Just in time Fabio!ReplyDelete
I have to start a new winform project with Nh and this is not really my normal enviroment ;)
Many, many tnx!
ps(OT): how about this book for databinding in winform? http://tinyurl.com/nm2s57
Great and really wellcome article. It helps a lot understanding a good practice for ISession usage/management in a wiwform app, which was "hidden" by your CpBT. In this way someone that wants to implement his own way of abstracting the usage of DAL can understand (faster) what to do with the session.ReplyDelete
I'll have one maybe trivial question strictly related to your example, just for the sake of better understanding:
- You configure session.FlushMode = FlushMode.Never;
- Then you Session.Save() every new created object, so basically you make your session aware of all objects of the "conversation"
- In the end you either flush or dispose the session.
Seems the right and simplest way.
Is there any advantage or performance reason to do that over an use scenario like this:
- session.FlushMode = FlushMode.AfterTransaction;
- do work (create or update enities) but do nothing with the session.
- in the end either dispose the session or loop through all entities and SaveOrUpdate() them and Commit() (Iknow this looks ugly, but again it is just for the sake of understandding).
I know that in my scenao you don't have theadvantage of using ISession.IsDirty, bt other that that is there anything else?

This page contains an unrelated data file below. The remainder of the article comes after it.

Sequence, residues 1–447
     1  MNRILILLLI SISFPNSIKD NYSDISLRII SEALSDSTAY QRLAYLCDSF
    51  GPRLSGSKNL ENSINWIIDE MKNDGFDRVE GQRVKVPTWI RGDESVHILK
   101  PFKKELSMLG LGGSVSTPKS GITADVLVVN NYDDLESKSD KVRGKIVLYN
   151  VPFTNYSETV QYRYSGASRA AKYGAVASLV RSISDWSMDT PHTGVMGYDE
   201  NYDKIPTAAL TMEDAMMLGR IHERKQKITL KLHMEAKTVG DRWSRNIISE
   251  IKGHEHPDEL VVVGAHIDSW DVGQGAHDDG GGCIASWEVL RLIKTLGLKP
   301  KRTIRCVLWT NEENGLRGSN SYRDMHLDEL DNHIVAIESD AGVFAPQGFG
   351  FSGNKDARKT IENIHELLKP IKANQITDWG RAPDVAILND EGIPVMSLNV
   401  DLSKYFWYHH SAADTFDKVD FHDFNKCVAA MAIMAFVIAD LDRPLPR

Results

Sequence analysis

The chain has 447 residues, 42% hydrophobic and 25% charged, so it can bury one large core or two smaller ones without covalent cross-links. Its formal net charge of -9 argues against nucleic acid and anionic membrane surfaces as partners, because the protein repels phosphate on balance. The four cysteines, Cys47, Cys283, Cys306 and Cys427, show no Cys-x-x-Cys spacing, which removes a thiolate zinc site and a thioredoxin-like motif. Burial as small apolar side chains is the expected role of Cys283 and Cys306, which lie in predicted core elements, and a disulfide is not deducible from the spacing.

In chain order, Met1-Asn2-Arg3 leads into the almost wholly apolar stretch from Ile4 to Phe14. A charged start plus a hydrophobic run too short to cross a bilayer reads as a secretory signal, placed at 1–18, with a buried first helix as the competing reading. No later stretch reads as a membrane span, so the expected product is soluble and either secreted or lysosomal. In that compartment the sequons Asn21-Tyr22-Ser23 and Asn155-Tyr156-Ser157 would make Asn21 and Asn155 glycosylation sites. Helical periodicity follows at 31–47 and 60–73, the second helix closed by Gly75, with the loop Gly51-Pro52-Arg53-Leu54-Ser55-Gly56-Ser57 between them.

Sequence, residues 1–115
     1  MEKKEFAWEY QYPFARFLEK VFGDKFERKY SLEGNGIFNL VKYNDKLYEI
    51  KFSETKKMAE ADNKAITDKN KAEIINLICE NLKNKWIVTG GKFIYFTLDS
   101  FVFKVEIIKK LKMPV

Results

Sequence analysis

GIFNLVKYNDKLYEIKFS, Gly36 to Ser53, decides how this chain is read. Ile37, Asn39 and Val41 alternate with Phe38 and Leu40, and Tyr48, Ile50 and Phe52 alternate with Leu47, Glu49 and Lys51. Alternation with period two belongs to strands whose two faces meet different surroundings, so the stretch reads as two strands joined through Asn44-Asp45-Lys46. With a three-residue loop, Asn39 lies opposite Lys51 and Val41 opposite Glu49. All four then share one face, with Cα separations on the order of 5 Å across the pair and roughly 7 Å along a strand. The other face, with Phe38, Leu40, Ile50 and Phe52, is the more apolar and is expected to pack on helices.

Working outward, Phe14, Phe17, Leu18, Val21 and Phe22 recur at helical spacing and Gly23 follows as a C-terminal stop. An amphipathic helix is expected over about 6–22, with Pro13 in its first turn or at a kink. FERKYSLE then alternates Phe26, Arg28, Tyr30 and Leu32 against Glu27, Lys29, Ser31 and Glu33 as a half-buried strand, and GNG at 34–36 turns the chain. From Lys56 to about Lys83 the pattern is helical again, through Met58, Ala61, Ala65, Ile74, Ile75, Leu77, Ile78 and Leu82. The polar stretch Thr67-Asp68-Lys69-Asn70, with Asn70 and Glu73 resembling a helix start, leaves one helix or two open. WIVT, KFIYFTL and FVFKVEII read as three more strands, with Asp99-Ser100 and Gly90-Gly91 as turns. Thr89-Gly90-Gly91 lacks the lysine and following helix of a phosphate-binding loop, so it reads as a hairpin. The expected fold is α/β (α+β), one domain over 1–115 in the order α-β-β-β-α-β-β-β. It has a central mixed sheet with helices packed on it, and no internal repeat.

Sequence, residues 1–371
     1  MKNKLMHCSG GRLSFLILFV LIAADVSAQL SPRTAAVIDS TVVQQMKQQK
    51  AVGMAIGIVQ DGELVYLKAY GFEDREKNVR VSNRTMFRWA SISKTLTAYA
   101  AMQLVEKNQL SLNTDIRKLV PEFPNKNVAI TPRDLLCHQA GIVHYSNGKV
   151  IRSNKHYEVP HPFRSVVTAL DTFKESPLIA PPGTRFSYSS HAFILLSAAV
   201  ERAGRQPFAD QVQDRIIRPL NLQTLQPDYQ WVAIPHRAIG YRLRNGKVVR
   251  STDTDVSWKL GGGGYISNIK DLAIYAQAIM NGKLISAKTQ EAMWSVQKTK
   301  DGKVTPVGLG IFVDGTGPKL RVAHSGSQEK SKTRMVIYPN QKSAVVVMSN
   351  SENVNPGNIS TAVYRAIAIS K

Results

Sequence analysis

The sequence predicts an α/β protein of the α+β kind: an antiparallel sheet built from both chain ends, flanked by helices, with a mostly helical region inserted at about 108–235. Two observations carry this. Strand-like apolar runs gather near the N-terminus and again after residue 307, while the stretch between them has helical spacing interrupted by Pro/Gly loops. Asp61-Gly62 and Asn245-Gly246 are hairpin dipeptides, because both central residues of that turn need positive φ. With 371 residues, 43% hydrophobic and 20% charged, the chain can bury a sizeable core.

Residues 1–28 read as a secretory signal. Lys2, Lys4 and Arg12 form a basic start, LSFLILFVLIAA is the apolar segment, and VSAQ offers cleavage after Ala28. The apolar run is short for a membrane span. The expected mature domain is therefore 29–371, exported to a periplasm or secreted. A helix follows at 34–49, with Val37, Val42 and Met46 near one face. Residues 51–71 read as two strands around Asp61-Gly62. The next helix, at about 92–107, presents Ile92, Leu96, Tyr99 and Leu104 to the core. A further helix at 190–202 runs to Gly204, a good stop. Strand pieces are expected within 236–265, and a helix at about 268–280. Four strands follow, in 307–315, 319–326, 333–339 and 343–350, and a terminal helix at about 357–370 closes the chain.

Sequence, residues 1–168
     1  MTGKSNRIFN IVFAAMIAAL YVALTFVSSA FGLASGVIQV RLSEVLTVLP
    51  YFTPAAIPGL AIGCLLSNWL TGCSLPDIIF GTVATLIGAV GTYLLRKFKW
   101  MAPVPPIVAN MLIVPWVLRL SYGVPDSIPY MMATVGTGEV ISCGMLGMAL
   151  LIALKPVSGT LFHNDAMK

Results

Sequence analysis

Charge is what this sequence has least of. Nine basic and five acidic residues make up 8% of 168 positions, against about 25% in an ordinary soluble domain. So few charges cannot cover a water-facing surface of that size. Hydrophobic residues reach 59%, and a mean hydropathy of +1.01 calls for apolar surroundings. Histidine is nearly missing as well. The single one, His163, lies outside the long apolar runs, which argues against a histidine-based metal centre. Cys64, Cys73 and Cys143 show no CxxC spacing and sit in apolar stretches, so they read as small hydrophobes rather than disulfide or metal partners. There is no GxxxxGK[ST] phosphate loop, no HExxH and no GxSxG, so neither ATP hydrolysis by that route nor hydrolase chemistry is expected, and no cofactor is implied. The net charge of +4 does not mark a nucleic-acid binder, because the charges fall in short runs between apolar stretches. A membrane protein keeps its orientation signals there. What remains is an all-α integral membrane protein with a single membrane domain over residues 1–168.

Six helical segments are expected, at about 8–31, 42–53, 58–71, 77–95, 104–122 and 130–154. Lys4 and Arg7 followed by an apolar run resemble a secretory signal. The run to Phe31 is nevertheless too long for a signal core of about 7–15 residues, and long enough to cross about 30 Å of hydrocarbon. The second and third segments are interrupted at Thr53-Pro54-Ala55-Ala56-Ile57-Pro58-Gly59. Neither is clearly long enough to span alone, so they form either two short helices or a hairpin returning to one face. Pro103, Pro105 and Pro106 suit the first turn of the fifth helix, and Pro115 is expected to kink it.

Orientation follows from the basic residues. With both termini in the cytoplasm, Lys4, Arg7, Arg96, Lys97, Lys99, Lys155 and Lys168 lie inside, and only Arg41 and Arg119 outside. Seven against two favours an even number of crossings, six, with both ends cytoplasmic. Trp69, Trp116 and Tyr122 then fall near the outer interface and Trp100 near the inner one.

When you are loading entities, through NH, NH will maintain your entities in the session and if the session is open you can work with lazy-loading.ReplyDelete
You can choose various ways to work with the session in winForm/WPF but that was the problem before CpBT:many ways but all with many problems.
If you have a look to ChinoOk-Mediamanager examples (by José Romaniello) using CpBT, you will have the "problem" to find where is NH and not "how manage NH session".
Thanks Fabio, I'm already in the process of reading Jose's work and I'll take a deeper look at your CpBT architecture.ReplyDelete
"using CpBT, you will have the "problem" to find where is NH" :), Yes I know, that was my problem.
I know about lazy loading, I was only refering to a slightly usage of session, pointly to the moment of calling Session.Save() on newly created objects and a different usage of FlushMode (AfterTransaction).
Err.. to be more clear, my legacy app uses identity generators :( so a Save() on a new object will be more usefull when really wanting to save an entity in DB.
Great example! Simple, but for beginners perfekt.ReplyDelete
Give me more of this! Pure Winforms with databinding and validation without any external application frameworks and services. But there is a bug. And I do not know how I can fix this. Problem: Pressing first time a key, while insert a new Album, the first Character is deleted?! How can i fixed this? You can see it in your video too.
I know this is an old post but the link seems to be broken. Any chance of reposting the example?ReplyDelete
click on the zip-folder image.
I've tried your example, however it has the same BindingProblem as my code has. If you have a look at the video here: https://dl.dropbox.com/u/8624357/ChinookWinForms_NHibernate_Example.avi
you'll notice, that the binding fails, if the track list is empty. It does add a new Track object, but it neither binds the object (it's all empty when reloading the album) nor does it validate it's properties properly. As soon as there's one track in the track list, adding more tracks works as a charme.
Some minor issue (also shown in your video) - when adding a new album, the first letter is swallowed.
do you have an explanation for the binding issue with the empty track list?
the download link is not work,where i can get the project source?ReplyDelete